July 14-As the Union army marched south in June, July, and August, she heard it called the Abolitionist Army by Southerners. She wrote that in fact the “heterogeneous army” was “composed of all and sundry elements of Northern society-freethinkers, humanitarians, Puritans, autocrats, Democrats,…and even Copperheads.” While she said that while the men had not been abolitionists when they entered the army “it seems to me that this reproachful baptismal name given [to the army] is well chosen to consolidate the people and weld divergent ideas and opinions into one general feeling: the resentment of the free man living off the fruits of his work…against the despot, exploiting the slave, living as a parasite…”17

There is much more in the article about Nadine. She was a true Liberal of her day... John men were some of the first up Missionary ridges...

Nadine Diary...
Abstract On June 27th, 1863, while camped at Murfreesboro, Tennessee, Nadine Turchin, wife of Brigadier General John Turchin of the Army of the Cumberland, wrote an irate entry in her journal. "Really, I think that the commanding general should take me as his chief of staff," she began, "or at least as his personal advisor." She went on to discuss the movements of her husband’s regiment as they campaigned in the west, criticizing the orders given to him by his superiors that had resulted in several deaths within the regiment and offering her own take on how they should have proceeded. "Oh, uncivilized beasts!" she concluded, in reference to the army’s leaders: "They are dedicated to sacrificing this unfortunate army." [excerpt]

This is from Wiki about John...

Turchin received a hero's welcome upon his return to Chicago. Prominent figures called for the removal of Buell and a more aggressive conduct of the war such that it be brought to a swift end. Turchin was given command of a new brigade. He distinguished himself during the battles of Chickamauga and Chattanooga, and in the Atlanta Campaign.

Turchin's wife, known in the army as Madame Turchin, always stood by him and followed her husband on the field during his campaigns, witnessing the battles (as at Chickamauga and at the battle of Missionary Ridge), and writing the only woman's war diary of the military campaigns.[13]

The song "Turchin's got your mule" (stemming from the catchphrase "Here's your mule") was popular during the war, and its chorus is said to have been used by disheartened troopers as a derisive answer to General Braxton Bragg's endearments at Missionary Ridge.[14]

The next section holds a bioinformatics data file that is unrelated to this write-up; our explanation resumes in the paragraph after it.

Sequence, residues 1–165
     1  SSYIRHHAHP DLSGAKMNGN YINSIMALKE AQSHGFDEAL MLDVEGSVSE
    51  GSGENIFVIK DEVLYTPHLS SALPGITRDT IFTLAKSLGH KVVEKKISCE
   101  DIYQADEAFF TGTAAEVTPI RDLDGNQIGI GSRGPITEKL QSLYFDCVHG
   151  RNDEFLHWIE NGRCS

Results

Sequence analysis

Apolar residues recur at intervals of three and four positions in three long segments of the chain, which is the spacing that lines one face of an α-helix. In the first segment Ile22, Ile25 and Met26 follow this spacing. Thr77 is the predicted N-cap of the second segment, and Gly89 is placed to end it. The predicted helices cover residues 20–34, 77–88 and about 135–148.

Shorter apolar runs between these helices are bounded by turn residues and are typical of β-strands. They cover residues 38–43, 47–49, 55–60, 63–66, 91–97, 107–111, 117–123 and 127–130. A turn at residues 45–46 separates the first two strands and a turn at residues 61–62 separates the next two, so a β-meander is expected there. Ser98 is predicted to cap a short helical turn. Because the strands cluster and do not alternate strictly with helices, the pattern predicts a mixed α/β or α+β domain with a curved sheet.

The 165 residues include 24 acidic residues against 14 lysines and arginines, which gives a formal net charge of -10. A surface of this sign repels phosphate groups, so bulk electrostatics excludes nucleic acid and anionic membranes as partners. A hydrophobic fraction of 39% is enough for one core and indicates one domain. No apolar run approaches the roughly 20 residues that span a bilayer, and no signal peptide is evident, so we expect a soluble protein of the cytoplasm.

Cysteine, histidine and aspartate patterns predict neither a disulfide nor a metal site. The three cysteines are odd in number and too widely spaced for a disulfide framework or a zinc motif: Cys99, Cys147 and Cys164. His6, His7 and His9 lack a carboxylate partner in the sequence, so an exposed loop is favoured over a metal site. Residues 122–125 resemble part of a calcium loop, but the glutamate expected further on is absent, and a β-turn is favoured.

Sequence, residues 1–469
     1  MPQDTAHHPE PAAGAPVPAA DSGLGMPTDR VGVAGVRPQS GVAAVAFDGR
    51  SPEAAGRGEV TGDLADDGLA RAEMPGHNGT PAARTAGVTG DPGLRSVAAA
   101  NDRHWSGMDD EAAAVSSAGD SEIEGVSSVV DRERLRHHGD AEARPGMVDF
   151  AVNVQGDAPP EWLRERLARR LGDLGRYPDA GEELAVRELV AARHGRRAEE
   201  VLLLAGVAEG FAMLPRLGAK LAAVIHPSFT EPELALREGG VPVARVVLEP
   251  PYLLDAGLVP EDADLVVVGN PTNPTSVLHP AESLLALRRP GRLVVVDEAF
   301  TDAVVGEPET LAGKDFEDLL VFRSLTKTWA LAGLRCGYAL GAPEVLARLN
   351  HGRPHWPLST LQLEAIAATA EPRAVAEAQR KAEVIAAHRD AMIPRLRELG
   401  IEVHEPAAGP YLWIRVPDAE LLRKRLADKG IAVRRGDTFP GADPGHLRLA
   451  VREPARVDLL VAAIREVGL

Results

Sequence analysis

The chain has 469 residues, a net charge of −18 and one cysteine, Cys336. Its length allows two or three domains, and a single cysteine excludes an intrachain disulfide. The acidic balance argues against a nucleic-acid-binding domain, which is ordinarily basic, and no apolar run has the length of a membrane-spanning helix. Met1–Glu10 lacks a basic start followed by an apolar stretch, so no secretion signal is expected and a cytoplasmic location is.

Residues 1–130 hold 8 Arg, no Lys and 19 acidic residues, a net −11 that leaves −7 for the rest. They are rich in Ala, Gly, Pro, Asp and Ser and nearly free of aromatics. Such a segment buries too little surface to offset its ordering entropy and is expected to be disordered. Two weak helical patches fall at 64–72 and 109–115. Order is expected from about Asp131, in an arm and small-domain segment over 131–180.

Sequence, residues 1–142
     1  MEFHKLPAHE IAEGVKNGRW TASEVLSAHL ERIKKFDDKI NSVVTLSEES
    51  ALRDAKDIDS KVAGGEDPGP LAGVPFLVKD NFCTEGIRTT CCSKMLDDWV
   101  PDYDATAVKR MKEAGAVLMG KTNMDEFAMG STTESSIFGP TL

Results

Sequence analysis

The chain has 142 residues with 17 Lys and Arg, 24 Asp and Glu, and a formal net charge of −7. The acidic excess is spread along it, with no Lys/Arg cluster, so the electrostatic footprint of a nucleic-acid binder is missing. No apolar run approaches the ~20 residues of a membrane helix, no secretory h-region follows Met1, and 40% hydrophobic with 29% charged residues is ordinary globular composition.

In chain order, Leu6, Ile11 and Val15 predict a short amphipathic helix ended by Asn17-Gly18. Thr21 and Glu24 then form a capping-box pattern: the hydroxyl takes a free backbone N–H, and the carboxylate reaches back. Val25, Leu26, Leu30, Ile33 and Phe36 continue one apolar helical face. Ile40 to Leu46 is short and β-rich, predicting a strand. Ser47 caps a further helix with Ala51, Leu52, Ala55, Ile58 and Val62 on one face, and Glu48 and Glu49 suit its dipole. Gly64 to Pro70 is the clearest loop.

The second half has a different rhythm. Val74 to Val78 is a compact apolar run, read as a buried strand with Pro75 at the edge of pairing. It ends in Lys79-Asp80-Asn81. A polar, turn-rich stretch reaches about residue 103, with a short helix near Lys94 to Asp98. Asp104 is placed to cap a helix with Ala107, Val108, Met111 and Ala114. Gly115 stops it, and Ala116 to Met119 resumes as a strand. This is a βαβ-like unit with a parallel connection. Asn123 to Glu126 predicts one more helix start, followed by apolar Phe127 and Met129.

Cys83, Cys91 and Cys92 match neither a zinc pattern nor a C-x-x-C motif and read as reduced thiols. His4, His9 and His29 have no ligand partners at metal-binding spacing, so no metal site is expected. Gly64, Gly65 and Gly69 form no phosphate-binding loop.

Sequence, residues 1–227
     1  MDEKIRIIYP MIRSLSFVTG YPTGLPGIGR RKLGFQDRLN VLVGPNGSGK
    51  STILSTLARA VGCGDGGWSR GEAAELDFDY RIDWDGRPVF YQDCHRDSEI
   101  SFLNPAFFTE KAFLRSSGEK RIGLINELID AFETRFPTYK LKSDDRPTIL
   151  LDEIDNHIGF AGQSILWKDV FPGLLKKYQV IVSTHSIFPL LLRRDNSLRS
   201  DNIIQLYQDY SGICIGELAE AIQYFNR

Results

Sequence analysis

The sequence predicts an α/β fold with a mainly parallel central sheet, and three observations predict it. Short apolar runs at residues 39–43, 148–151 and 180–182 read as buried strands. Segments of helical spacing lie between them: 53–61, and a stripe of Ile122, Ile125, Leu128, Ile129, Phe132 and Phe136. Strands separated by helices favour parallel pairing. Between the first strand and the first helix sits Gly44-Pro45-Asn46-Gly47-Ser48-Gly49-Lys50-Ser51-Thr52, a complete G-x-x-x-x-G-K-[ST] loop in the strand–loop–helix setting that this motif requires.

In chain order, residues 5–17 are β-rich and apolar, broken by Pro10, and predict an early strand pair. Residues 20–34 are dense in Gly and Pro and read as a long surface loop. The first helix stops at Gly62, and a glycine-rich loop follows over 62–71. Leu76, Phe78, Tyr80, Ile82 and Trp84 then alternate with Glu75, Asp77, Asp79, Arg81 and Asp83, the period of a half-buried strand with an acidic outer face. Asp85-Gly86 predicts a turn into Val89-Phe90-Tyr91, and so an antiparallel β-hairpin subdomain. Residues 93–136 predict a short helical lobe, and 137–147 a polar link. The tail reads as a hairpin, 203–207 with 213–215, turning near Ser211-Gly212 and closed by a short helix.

Turchin resigned from service in October 1864 after suffering heatstroke on the campaign.

Turchin returned to Chicago and worked for a time as a patent solicitor and civil engineer. He later was involved in real estate and the settlement of immigrants in southern Illinois. In 1900, he was awarded a pension under a private pension act approved by Congress. He suffered severe dementia, attributed to his heatstroke, and died penniless in an institution in Anna, Illinois, at the age of 79. He is buried next to his wife in the Mound City National Cemetery in southern Illinois.[20][21]

Turchin has been portrayed by many in the South as a villainous figure for the so-called "Rape of Athens," however his actions presaged those that other Union commanders, in particular William Tecumseh Sherman, would adopt in prosecuting total war against the Confederacy.
 

5fish

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Here is one look at the Sack of Athens, Alabama... https://www.lib.niu.edu/1997/iht429748.html

snippet...

The incident occurred in the wake of the costly Union victory at Shiloh. The federal Army of the Ohio pushed deep into the Confederacy after capturing and using the Memphis and Charleston Railroad. The sudden occupation of northern Alabama shocked Southern civilians. Among the many towns garrisoned by the Yankees was Athens, the seat of Limestone County and home to nine hundred civilians. Many of the townspeople professed to being pro-union and offered to cooperate with the Army of the Ohio. That may have lulled the soldiers into a false sense of security because on the morning of May 1,1862, the First Louisiana Cavalry mounted a surprise attack on the garrison, driving the Union soldiers from the town. Residents of Athens delighted in the blue coats' rout, aiming curses and spit at the fleeing foe. The rebel cavalry was "greeted with cheers and a waving of hats and handkerchiefs... the ladies at the tavern brought to light a Confederate flag that hasn't seen the light in some time...," wrote diarist Mary Fielding. As many as one hundred townsmen joined with the Confederate soldiers in a six-mile pursuit of the retreating federal garrison.